heather ohly registered nutritionist

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Heather Ohly Registered Nutritionist. Introduction. Food Standards Agency funded (now DH) Exploratory and developmental trial of a family-centred nutrition intervention delivered in children’s centres Rural/urban settings – Cornwall and Islington Collaboration with UCL. Study design. - PowerPoint PPT Presentation


  • Heather OhlyRegistered Nutritionist

  • IntroductionFood Standards Agency funded (now DH)Exploratory and developmental trial of a family-centred nutrition intervention delivered in childrens centresRural/urban settings Cornwall and IslingtonCollaboration with UCL

  • Study design

  • Exploratory phaseConsultations with parents and childrens centre staffFocus groups (39 parents; 24 staff)Individual interviews (6 parents)Questionnaire surveys (261 parents; 31 centre managers)

  • Summary of findingsNutrition intervention is neededShort.....flexible.....community outreachEmphasis on practical skills cooking, recipe ideas, food shopping, budgeting, overcoming fussy eatingStaff capacity and training needs

  • Development phaseLiterature review of nutrition interventions targeting under fives (UK & Worldwide)Review of resources availableConsultations with local steering groups in both locations

  • Cherry courseFour week course (2 hours per week)Free crche providedParent and child involvementInteractive and practical sessionsRecruited and trained of tutors (FL)

  • Overview of sessionsWeek 1: Family friendly foodsWeek 2: Introducing new foodsWeek 3: Healthy snacks and drinksWeek 4: Healthy eating on a budgetFood preparation and tasting each weekCherry at home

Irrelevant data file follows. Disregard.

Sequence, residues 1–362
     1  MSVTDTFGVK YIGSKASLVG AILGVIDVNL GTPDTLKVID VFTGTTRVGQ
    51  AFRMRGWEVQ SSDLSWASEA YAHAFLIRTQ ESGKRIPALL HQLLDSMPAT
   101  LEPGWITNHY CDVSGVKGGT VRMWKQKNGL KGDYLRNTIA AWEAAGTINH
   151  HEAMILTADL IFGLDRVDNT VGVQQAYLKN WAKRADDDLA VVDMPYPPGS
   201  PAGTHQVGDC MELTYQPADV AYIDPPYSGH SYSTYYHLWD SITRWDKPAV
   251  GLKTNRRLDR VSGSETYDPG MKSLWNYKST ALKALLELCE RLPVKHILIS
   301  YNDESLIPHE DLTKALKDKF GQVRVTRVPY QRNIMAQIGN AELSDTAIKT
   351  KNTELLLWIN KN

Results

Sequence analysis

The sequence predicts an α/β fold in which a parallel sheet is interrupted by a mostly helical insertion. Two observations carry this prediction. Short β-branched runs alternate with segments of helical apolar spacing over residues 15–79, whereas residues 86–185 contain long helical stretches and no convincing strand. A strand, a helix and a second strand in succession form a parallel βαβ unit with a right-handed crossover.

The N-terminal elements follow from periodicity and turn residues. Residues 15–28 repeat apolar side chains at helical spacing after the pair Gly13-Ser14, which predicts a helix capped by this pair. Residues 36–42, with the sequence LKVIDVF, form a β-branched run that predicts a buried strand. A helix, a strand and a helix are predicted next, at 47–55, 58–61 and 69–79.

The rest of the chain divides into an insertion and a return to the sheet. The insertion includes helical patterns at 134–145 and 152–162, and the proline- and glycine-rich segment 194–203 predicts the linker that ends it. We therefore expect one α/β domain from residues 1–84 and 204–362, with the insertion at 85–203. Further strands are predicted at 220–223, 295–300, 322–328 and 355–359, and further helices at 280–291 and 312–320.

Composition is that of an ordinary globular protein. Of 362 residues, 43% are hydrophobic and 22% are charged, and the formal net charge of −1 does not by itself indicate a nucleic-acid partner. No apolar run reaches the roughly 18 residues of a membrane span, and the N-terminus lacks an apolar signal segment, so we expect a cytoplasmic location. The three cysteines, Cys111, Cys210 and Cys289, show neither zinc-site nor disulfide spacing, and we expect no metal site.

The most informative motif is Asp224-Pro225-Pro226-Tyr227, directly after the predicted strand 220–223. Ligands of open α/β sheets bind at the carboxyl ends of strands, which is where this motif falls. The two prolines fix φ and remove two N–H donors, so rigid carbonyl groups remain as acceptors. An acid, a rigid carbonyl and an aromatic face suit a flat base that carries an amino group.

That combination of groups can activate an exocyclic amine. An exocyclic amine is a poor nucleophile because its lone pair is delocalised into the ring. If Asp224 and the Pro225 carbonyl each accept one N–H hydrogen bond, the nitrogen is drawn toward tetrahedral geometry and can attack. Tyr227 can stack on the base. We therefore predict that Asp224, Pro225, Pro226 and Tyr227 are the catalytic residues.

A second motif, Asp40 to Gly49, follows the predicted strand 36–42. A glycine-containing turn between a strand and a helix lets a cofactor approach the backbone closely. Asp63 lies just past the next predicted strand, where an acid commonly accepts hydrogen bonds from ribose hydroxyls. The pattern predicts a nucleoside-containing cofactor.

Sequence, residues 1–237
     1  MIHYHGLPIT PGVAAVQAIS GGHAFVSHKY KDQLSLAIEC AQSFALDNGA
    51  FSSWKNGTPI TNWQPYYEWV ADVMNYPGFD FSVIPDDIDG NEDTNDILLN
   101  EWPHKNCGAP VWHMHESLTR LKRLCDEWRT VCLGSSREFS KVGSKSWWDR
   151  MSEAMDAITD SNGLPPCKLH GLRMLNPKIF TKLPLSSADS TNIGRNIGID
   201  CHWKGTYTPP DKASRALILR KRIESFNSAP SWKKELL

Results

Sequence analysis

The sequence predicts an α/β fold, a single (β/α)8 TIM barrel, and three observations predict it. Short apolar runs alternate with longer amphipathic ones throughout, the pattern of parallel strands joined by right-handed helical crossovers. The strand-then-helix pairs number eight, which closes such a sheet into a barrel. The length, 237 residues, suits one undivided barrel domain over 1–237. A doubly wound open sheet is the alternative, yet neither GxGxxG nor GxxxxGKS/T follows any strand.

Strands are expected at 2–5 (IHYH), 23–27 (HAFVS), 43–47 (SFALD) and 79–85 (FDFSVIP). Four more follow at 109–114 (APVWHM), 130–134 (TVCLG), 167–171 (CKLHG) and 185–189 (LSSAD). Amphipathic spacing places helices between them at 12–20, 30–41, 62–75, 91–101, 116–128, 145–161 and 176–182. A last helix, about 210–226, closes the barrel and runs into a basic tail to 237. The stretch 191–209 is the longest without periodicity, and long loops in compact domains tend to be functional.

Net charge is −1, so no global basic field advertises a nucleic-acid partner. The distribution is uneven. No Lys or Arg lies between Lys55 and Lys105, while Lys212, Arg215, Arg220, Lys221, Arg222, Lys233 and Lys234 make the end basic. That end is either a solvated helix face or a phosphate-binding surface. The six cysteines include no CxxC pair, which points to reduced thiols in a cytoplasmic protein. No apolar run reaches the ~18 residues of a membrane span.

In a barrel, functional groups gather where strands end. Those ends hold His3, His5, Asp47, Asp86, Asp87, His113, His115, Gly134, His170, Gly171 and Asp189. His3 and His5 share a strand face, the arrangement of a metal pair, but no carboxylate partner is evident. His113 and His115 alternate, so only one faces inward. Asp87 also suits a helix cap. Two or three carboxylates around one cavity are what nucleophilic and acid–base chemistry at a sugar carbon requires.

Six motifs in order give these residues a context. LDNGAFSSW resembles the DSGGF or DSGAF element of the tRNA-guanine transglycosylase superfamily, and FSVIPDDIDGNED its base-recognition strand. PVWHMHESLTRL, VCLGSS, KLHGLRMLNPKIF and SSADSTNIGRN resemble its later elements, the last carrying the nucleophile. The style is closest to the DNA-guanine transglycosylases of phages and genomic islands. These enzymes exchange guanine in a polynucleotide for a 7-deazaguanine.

• RCT study designRandomly selected childrens centres (16)Randomly allocated to intervention or control group (8 pairs)Pairs matched by location and deprivationBaseline and 6 month follow-up evaluations

  • Evaluation methodsPrimary outcome: childrens consumption of fruits and vegetables (24 hour recalls)Secondary outcome: childrens consumption of sugary drinks and snacks (24 hour recalls)Other dietary outcomes and parents knowledge, attitudes etc (questionnaire)

  • Sample characteristicsTotal 394 families recruited (Cornwall = 190)Children aged 18 months five yearsGood retention rate to follow-up (77%)As many low income families as possibleMatched groups

  • Positive feedbackTalking to other parents was great and realising I wasnt the only one going through itTo see the children getting involved was inspiringShes eating tangerines and cucumber which she never did before. She even gets cross if I forget to buy them!

  • Key results

    Childs dietActual values of difference at follow upDifference in change between INT & CONInterventionControlWhole sampleFruit + Veg intake (g)28.76.422.3(-3.2, 47.8)Fruit intake(g), 34.6)Veg intake (g)9.6-1.811.5(0.1, 22.8)Fruit intake (excluding >1 portion juice)37.527.89.6(-6.4, 25.7)Sugary drinks (ml)-9.322.8-32.1(-85.6, 21.4)Sugary snacks (# occasions)-0.060.11-0.17(-0.34, 0.01)

  • Process evaluationEngagement with staff was importantNutrition training importantGroup dynamics could be challengingDifficulty of applying RCT modelMost and least useful components

  • Future contact detailsDr Gail ReesLecturer in Human NutritionPlymouth Universitygail.rees@plymouth.ac.uk

    MRC guidance on complex interventions*Choosing Healthy Eating when Really Young*


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